- W. K. Ward, M. J. Quinn, M. D. Wood, K. L. Tiekotter, S. Pidikiti, and J. A. Gallagher, “Vascularizing the tissue surrounding a model biosensor: how localized is the effect of a subcutaneous infusion of vascular endothelial growth factor (VEGF)?” Biosensors and Bioelectronics, vol. 19, no. 3, pp. 155–163, 2003.
- C. D. Barro, J. P. Romanet, A. Fdili, M. Guillot, and F. Morel, “Gelatinase concentration in tears of corneal-grafted patients,” Current Eye Research, vol. 17, no. 2, pp. 174–182, 1998.
- M. Muller, C. Trocme, B. Lardy, F. Morel, S. Halimi, and P. Y. Benhamou, “Matrix metalloproteinases and diabetic foot ulcers: the ratio of MMP-1 to TIMP-1 is a predictor of wound healing,” Diabetic Medicine, vol. 25, no. 4, pp. 419–426, 2008.
- E. Zandifar, S. Sohrabi Beheshti, A. Zandifar, and H. S. Javanmard, “The effect of captopril on impaired wound healing in experimental diabetes,” International Journal of Endocrinology, vol. 2012, Article ID 785247, 6 pages, 2012.
- J. V. Boykin Jr. and C. Baylis, “Hyperbaric oxygen therapy mediates increased nitric oxide production associated with wound healing: a preliminary study,” Advances in Skin & Wound Care, vol. 20, no. 7, pp. 382–388, 2007.
- S. Haghjooyjavanmard, M. Nematbakhsh, A. Monajemi, and M. Soleimani, “von Willebrand factor, C-reactive protein, nitric oxide, and vascular endothelial growth factor in a dietary reversal model of hypercholesterolemia in rabbit,” Biomedical papers of the Medical Faculty of the University Palacký, Olomouc, Czechoslovakia, vol. 152, no. 1, pp. 91–95, 2008.
- D. Mayrand, A. Laforce-Lavoie, S. Larochelle et al., “Angiogenic properties of myofibroblasts isolated from normal human skin wounds,” Angiogenesis, vol. 15, no. 2, pp. 199–212, 2012.
- H. Loutrari, S. Magkouta, A. Pyriochou et al., “Mastic oil from Pistacia lentiscus var. chia inhibits growth and survival of human K562 leukemia cells and attenuates angiogenesis,” Nutrition and Cancer, vol. 55, no. 1, pp. 86–93, 2006.
- Z. Djerrou, Z. Maameri, Y. Hamdi-Pacha et al., “Effect of virgin fatty oil of Pistacia lentiscus on experimental burn wound's healing in rabbits,” African Journal of Traditional, Complementary and Alternative Medicines, vol. 7, no. 3, pp. 258–263, 2010.
- Z. Maameri, K. Beroual, Z. Djerrou et al., “Preliminary study to assess cicatrizing activity of honey and Pistacia lentiscus fatty oil mixture on experimental burns in rabbits,” International Journal of Medicinal and Aromatic Plants, vol. 2, no. 3, pp. 476–480, 2012.
- C. J. Busuioc, G. Mogoşanu, F. C. Popescu, I. Lascar, H. Pârvanescu, and L. Mogoanta, “Phases of the cutaneous angiogenesis process in experimental third-degree skin burns: histological and immunohistochemical study,” Romanian Journal of Morphology and Embryology, vol. 54, no. 1, pp. 163–171, 2012.
- D. Most, D. T. Efron, H. P. Shi, U. S. Tantry, and A. Barbul, “Characterization of incisional wound healing in inducible nitric oxide synthase knockout mice,” Surgery, vol. 132, no. 5, pp. 866–876, 2002.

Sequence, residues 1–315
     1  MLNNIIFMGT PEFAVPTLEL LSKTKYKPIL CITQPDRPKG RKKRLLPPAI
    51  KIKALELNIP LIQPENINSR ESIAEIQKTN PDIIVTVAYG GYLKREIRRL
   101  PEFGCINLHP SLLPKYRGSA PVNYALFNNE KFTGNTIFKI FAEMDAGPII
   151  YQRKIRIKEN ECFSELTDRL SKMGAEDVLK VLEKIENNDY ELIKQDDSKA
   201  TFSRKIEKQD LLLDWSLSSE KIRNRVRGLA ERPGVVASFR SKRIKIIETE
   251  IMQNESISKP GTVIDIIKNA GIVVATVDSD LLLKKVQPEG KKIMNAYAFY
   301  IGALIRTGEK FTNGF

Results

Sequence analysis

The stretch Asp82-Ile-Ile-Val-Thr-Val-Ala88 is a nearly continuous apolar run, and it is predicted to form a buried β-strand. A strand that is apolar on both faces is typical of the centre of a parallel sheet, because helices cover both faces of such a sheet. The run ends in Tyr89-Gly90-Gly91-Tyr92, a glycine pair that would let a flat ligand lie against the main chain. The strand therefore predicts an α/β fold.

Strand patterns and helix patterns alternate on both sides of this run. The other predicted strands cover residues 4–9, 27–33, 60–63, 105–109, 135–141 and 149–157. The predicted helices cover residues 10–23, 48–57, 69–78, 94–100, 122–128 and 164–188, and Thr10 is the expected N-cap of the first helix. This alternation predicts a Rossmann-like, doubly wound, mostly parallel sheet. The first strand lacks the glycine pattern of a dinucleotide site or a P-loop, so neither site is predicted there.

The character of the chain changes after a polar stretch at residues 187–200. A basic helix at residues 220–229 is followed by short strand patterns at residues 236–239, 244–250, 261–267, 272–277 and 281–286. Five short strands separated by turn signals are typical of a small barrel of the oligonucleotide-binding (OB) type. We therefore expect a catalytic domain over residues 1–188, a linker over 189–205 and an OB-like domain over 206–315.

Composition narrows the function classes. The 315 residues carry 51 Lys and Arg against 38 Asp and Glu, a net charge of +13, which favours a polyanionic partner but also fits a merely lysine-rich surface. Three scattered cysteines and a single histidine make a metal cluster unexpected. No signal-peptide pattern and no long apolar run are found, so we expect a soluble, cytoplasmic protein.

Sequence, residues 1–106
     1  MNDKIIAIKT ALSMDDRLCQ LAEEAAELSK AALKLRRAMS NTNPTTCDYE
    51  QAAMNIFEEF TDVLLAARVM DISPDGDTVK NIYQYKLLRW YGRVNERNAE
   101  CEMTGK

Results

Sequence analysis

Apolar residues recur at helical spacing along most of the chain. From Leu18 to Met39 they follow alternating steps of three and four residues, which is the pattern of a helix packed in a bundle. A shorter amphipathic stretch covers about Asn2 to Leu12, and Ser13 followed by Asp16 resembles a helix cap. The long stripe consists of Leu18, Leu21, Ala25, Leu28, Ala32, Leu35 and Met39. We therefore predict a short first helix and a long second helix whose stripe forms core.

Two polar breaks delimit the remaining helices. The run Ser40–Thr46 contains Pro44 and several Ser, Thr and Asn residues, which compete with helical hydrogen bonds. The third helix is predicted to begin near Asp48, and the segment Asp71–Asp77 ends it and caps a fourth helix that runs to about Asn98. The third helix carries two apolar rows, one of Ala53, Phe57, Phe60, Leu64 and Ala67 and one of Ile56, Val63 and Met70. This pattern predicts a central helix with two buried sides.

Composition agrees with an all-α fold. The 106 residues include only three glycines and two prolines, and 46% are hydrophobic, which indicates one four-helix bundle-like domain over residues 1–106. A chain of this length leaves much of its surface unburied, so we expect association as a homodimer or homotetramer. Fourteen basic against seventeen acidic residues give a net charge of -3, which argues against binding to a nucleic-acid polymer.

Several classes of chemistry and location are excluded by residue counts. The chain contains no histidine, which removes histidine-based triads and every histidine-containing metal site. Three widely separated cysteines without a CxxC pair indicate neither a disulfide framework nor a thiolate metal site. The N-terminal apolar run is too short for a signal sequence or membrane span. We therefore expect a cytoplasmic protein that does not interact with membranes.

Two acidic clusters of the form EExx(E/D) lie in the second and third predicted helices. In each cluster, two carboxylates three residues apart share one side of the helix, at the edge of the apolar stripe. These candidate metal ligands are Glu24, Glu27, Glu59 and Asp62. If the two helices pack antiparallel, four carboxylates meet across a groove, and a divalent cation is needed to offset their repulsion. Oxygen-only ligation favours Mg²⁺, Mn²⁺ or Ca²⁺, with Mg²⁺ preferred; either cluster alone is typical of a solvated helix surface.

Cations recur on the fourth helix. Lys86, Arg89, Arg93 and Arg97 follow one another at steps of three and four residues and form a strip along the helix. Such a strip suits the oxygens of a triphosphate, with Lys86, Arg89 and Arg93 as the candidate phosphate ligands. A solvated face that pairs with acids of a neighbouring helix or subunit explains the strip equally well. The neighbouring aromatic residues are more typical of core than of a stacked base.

- T. A. Wilgus and L. A. Dipietro, “Complex roles for VEGF in dermal wound healing,” Journal of Investigative Dermatology, vol. 132, no. 2, pp. 493–494, 2012.
- J. Huang, L. S. Li, D. L. Yang, Q. H. Gong, J. Deng, and X. N. Huang, “Inhibitory effect of ginsenoside Rg1 on vascular smooth muscle cell proliferation induced by PDGF-BB is involved in nitric oxide formation,” Evidence-Based Complementary and Alternative Medicine, vol. 2012, Article ID 314395, 7 pages, 2012.
- G. A. A. Ferns, E. W. Raines, K. H. Sprugel, A. S. Motani, M. A. Reidy, and R. Ross, “Inhibition of neointimal smooth muscle accumulation after angioplasty by an antibody to PDGF,” Science, vol. 253, no. 5024, pp. 1129–1132, 1991.
- Q. Lu, C. Wang, R. Pan et al., “Histamine synergistically promotes bFGF-induced angiogenesis by enhancing VEGF production via H1 receptor,” Journal of Cellular Biochemistry, vol. 114, no. 5, pp. 1009–1019, 2013.
- A. R. Qader and J. A. Muhamad, “Nosocomial infection in sulaimani burn hospital, IRAQ,” Annals of Burns and Fire Disasters, vol. 23, no. 4, pp. 177–181, 2010.
- N. Benhammou, F. A. Bekkara, and T. K. Panovska, “Antioxidant and antimicrobial activities of the Pistacia lentiscus and Pistacia atlantica extracts,” African Journal of Pharmacy and Pharmacology, vol. 2, no. 2, pp. 022–028, 2008.
- B. Adorjan, Biological Properties of Essential Oils, Uniwien, 2010.
- A. M. Leite, E. D. O. Lima, E. L. De Souza, M. D. F. F. M. Diniz, V. N. Trajano, and I. A. De Medeiros, “Inhibitory effect of β-pinene, α-pinene and eugenol on the growth of potential infectious endocarditis causing Gram-positive bacteria,” Revista Brasileira de Ciencias Farmaceuticas, vol. 43, no. 1, pp. 121–126, 2007.